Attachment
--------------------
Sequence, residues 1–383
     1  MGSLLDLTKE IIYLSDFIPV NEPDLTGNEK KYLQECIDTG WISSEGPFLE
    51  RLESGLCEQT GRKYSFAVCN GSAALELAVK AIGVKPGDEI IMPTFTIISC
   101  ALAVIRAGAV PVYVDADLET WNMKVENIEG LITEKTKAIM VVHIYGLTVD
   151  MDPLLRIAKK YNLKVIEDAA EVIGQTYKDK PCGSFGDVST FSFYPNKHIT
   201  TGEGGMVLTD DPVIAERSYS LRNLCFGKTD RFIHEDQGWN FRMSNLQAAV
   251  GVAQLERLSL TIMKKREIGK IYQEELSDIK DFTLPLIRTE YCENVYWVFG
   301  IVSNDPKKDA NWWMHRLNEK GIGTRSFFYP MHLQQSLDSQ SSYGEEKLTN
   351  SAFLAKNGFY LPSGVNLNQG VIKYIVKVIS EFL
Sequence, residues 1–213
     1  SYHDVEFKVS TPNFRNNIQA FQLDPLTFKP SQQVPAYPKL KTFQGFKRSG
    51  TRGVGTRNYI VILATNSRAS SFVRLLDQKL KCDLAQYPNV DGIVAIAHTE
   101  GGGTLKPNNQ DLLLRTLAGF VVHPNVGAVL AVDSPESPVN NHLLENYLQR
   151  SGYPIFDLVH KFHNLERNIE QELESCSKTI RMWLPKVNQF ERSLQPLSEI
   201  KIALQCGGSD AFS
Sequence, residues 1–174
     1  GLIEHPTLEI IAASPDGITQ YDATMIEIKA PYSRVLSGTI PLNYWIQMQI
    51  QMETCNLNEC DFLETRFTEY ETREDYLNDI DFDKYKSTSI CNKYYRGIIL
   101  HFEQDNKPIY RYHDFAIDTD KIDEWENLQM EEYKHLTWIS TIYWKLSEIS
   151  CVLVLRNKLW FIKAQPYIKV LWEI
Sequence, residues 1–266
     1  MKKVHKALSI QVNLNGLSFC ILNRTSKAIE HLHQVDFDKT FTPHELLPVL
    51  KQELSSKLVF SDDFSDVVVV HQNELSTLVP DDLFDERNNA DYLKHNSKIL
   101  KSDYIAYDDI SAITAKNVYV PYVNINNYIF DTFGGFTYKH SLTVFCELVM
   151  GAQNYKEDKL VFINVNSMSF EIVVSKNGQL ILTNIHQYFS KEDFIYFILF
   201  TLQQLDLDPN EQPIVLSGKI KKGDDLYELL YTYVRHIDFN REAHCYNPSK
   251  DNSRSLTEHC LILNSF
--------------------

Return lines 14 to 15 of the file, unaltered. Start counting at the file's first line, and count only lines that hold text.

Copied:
   151  SGYPIFDLVH KFHNLERNIE QELESCSKTI RMWLPKVNQF ERSLQPLSEI
   201  KIALQCGGSD AFS